16. #16
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    Quote Originally Posted by DualRollers View Post
    You could buy 10 chain breakers and a few chains for the price of one belt though...

    also you can't just tweak those belts in all different directions, you can destroy them if they're twisted a certain way. Which means shoving them in your bag loose will likely end up in a wasted belt.
    Agree about the price, but I was thinking about what you have to carry on the bike. Plus the fitting a new belt is cleaner than fixing a chain.

    You can fold the belts. Gates have instructions for that, you end up with a reasonably sized package that will fit somewhere in your kit. If you're capable of fixing your bike, you're smart enough to stow it properly.
    As little bike as possible, as silent as possible.
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  17. #17
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    Quote Originally Posted by Velobike View Post
    You can fold the belts. Gates have instructions for that, you end up with a reasonably sized package that will fit somewhere in your kit. If you're capable of fixing your bike, you're smart enough to stow it properly.
    I'm not saying there aren't instructions to fold them, but why would they ship them in this huge box if they could be folded?
    Attached Thumbnails Attached Thumbnails Belt drive experience / recomendations-20170406_143754-compressed.jpg  

    Belt drive experience / recomendations-20170406_143802-compressed.jpg  

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  18. #18
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    Quote Originally Posted by Zerort View Post
    I'm not saying there aren't instructions to fold them, but why would they ship them in this huge box if they could be folded?
    Don't know, but at a guess it's done for production reasons. ie by not folding the belt it removes a task from the process of packaging the belt.

    Someone more up to date than me with production processes can confirm or otherwise.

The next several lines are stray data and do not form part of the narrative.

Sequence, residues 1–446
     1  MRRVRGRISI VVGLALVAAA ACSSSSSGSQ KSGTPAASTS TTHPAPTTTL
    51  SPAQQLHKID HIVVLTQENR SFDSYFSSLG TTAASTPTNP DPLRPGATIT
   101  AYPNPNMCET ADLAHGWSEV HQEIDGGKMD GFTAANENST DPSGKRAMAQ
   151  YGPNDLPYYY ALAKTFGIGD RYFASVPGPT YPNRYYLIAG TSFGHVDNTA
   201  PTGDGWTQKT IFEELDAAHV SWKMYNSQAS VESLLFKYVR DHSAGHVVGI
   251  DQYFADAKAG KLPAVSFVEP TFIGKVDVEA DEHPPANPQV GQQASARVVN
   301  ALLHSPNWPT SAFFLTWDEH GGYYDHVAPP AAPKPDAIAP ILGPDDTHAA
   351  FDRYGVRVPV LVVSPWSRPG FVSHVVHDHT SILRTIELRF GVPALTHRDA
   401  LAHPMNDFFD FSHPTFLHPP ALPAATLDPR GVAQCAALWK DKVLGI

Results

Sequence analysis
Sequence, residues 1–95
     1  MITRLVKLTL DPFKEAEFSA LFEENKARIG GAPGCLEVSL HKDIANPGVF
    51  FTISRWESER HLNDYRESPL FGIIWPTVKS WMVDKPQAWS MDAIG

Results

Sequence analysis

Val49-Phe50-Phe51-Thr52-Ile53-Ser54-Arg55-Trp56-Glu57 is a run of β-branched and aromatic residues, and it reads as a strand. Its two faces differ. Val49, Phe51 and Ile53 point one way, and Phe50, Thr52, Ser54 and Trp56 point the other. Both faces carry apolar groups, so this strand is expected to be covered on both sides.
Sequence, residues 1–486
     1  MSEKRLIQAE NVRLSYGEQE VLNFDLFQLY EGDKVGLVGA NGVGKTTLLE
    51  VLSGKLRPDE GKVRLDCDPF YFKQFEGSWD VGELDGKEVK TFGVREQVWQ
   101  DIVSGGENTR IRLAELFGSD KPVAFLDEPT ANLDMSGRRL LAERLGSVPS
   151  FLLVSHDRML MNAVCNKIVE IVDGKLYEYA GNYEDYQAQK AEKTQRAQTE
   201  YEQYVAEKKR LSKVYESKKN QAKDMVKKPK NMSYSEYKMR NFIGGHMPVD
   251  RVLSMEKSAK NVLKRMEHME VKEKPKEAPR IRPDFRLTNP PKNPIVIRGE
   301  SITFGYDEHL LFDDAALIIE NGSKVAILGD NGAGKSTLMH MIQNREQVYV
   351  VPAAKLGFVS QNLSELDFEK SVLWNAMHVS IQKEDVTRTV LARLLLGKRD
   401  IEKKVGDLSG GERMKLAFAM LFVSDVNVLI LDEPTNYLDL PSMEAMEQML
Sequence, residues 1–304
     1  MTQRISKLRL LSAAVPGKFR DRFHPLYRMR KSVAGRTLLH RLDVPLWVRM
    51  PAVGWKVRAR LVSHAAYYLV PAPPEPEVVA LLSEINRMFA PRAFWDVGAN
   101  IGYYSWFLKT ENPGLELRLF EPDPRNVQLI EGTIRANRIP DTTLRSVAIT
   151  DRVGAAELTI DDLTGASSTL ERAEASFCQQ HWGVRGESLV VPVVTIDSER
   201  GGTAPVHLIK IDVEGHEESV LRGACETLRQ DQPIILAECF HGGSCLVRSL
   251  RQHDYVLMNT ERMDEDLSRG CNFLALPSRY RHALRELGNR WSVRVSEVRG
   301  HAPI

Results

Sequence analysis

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  19. #19
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    Belt drive user for the past 3 years

    The last couple of belts I got directly from Gates came in an envelope with the '3 coil' fold like a wood bandsaw blade.

    https://www.bing.com/videos/search?q...=0&FORM=VDMCNL

    What Gates doesn't want you to do is crimp the belt in any direction in a tight radius, the 3 coil method doesn't do that.

    Another tip along those same lines, is don't go with the smallest front sprocket to get your gear ratio. Move up a couple of teeth so you're not bending the belt in a tight radius, stressing the belt, and reduce a little friction, it also gives more teeth for better belt wear and less belt skipping due to tension. You can usually go with less tension, especially with the CDX Centertrack system, which IMHO is the only way to go. On my 29" SS IIRC I used a 46T front, which gives a pretty good ratio selection with available rear sprockets.

    For cleaning....at the beginning of the season (or after a nasty ride) I quickly go over the belt and sprockets with Simple Green and a toothbrush, let dry and put on a few drops of dry silicone to dry over night. Stays smoother longer with the silicone, and doesn't attract as much dust.

    And as others mentioned, get the beltline straight as possible, using a long straight edge or string.

  20. #20
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    Love my belt drive. Have had it since late June 2016 without any real issues. Average 80-100 miles a week.
    Running 46/24 with a 111T belt on my customized Carver ti420.

    The sprockets were only a few bucks more expensive than a Surly stainless chainring and Chris King stainless cog.
    I buy 3-4 chains at beginning of the year and rotate them out when chain needs a deep cleaning.

    Belt = $66
    3-4 chains = $40

    Ive had the belt make a little noise when its really dry and dusty. Rinsing it off usually solves the issue.

    Overall I am loving the no maintenance.

    -Aaron

  21. #21
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    I have a belt system on one of my bikes. No issues so far. Here is what I know.
    1. Centertrack is a must.
    2. App works fine for tensioning.
    3. Quiet as a church mouse.
    4. No maintenance. No grit attracting oil.
    5. Costs more than a chain. 10 dollar cogs on eBay for "finding the right setup" don't exist.
    6. Need to have a frame that is designed for it or be brave enough to cut your current frame.
    7. Don't tell anyone, but I put the belt back on like a dropped chain. No issues but it may come back to bite me.
    8. It is lighter than a chain.
    9. I have dropped the belt once. I have dropped a chain once on my SS. Both due to poor adjustment.
    10. You cant stroll into the LBS and expect to find any parts for it.
    11. It outlasts a chain.
    12. The bling factor is off the charts.

    BUT........
    I live on the gulf coast and we have sandy soil. It not attracting dirt is the biggest win for me.

  22. #22
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    My wife has a centerlock belt drive Spot Acme commuter bicycle. It has the Alfine 11 rear hub.

    She loves it! But she's not going to take it mountain biking. I offered to put some 41 knobbies on it, but no go.

    Anyway after at least 3 years of riding she got her first flat on the rear. I fixed it.

    I have to say that the Alfine's shifter cable makes tire and tube changes a minor PITA.